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Harnessing Your Health Data: A Resources Guide

by Andrian McAdams, Intern, FasterCures

We are all, at one point or another, patients who enter the health-care system. This experience may begin with a trip to the doctor’s office, picking up a prescription, or even recovering from surgery.

But what happens to your health data? Many individuals don’t realize that each interaction along the way is recorded as various data points, leaving many to wonder: How is that data being used? Who is seeing it? How can I as a patient access it, too? And, maybe most importantly: How can individuals use the data to make better health decisions?

The answers to these questions can be complicated and frustrating. With support from the Patient-Centered Outcomes Research Institute (PCORI), FasterCures is developing a tool to help people better understand their health data and how they can use it to inform decision-making.

Having remote access to health data is important for patients (and guaranteed through the Health Insurance Portability and Accountability Act [HIPAA]), as it empowers them to take action and remain engaged in the health-care decision-making process. A 2015 Deloitte report on consumer use of online resources found that over the past several years, consumers have increased their use of patient portals to access and transmit their health data.

But whether searching for immunization records, a past diagnosis, or insurance information, gathering one’s health data is no easy task. Nevertheless, a recent Surescripts survey focused on connected care and patient experience found that 58 percent of American patients have attempted to compile their medical histories. But, even when patients are successful in gathering this information, deciphering medical records and making sense of what the data tell you are hard. In fact, a 2003 report from the National Assessment of Adult Literacy found that only 12 percent of U.S. adults possessed “proficient” health literacy skills.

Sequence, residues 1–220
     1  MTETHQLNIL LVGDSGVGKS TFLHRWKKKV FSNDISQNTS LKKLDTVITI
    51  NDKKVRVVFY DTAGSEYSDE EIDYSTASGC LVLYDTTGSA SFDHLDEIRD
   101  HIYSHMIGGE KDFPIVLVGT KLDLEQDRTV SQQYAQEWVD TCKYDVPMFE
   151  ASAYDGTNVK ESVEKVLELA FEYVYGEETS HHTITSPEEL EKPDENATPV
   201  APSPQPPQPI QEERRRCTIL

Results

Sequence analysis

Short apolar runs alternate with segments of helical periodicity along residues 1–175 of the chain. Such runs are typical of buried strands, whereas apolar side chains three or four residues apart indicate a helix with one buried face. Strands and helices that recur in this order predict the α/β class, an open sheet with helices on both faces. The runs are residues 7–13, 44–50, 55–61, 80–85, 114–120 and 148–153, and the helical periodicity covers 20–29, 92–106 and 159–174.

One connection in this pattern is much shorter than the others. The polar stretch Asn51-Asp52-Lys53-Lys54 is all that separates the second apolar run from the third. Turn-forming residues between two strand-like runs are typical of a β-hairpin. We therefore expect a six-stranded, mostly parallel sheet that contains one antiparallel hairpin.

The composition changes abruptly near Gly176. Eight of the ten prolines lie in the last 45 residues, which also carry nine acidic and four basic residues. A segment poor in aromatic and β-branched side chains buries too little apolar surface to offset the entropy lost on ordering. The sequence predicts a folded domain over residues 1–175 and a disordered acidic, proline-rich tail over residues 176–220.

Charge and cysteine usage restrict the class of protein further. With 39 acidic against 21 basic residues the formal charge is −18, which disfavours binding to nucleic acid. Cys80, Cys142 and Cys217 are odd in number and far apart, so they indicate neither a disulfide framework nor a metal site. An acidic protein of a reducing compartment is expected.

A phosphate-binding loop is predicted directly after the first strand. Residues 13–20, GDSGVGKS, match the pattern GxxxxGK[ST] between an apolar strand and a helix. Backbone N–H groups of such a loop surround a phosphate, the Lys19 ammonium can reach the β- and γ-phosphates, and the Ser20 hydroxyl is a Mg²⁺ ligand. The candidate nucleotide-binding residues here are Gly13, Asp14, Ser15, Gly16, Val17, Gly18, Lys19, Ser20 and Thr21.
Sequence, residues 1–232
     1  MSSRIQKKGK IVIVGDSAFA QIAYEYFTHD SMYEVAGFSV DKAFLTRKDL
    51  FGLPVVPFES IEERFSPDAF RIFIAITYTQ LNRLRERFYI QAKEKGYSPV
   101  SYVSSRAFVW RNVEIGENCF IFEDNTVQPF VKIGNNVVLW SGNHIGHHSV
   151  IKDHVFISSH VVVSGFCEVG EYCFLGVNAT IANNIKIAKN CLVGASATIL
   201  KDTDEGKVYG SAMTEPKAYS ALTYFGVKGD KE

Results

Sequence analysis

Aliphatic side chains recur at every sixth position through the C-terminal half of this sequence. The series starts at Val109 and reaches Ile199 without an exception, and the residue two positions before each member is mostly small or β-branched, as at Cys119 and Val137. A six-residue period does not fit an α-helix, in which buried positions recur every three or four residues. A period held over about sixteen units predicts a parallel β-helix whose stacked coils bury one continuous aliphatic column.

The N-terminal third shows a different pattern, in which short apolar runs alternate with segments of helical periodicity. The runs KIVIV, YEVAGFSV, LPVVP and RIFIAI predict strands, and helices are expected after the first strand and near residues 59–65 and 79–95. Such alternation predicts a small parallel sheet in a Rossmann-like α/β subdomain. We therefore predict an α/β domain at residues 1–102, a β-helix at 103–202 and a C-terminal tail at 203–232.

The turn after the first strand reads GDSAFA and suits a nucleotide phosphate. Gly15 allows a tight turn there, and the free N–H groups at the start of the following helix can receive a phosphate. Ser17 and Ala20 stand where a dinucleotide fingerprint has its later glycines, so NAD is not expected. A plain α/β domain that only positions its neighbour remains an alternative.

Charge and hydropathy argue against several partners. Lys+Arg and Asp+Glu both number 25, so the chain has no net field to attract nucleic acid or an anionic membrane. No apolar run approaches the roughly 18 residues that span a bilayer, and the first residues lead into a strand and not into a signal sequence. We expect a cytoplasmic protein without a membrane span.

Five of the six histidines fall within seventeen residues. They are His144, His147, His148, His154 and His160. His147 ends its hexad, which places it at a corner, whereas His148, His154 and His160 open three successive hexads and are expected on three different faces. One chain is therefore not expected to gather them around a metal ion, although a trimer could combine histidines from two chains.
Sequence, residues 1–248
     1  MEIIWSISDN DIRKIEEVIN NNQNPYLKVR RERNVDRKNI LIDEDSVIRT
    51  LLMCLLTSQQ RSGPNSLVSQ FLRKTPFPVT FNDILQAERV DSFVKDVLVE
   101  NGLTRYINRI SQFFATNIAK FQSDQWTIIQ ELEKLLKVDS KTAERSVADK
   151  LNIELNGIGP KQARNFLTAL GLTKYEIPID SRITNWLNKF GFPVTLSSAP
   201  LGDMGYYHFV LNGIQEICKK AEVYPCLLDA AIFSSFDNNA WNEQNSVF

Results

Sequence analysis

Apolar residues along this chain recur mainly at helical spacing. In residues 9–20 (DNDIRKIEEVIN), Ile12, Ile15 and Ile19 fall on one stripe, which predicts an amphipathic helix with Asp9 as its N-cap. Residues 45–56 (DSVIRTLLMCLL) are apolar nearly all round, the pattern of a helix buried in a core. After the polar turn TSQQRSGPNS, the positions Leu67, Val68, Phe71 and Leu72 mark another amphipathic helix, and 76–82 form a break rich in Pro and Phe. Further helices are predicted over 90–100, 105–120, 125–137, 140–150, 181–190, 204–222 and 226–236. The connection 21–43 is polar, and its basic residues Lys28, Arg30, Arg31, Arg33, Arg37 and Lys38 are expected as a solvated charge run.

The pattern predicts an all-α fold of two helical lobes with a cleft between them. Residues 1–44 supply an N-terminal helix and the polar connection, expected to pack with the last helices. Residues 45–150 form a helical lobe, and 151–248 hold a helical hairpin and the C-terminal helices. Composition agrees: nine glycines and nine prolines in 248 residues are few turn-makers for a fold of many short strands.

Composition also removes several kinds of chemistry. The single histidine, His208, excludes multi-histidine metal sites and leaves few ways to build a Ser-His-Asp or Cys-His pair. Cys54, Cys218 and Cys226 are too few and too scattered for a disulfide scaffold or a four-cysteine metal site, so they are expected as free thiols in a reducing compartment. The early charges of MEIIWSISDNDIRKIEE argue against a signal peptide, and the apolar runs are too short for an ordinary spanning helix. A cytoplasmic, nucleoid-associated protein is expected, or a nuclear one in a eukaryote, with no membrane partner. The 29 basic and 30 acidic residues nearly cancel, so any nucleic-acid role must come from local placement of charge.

So, what steps can you take to better understand your health data, and what resources are available to help you?

  • Patient autonomy over and access to health data presents an opportunity to improve overall health outcomes. As an organization that promotes patients being at the center of health and R&D, FasterCures wants to facilitate approaches that put the patient in the driver’s seat and allow them to take control of their health data.
  • For patients who want a quick overview of getting, checking, and using their health data, the Office of the National Coordinator for Health Information Technology (ONC) has created an infographic to help them understand this information and their rights. The graphic walks users through a fictional scenario designed to familiarize them with the ways they can take control of their data and ultimately their health.
  • Get My Health Data is a campaign to liberate health data and help patients manage their health online. The resource provides answers to questions surrounding the requesting of your data and supports the notion that gaining access to your data will lead to better health outcomes.
  • If you have questions about with whom your health data are shared and how they are handled, Jodyn Platt of the University of Michigan has designed a concise, easy-to-understand video, What Happens to Health Information?, that provides answers. Viewers are shown the life cycle of their health information and how decisions made along the way determine its trajectory in the system.
  • Interested in how health information technology (IT) may be changing the patient financial experience of the future? The Healthcare Information and Management Systems Society envisioned an online mock journey of a patient’s interaction with the health-care system and how health IT tools could be used for managing the financial elements of care. This highly detailed journey is also available from the provider perspective, helping patients understand these interactions from the other side.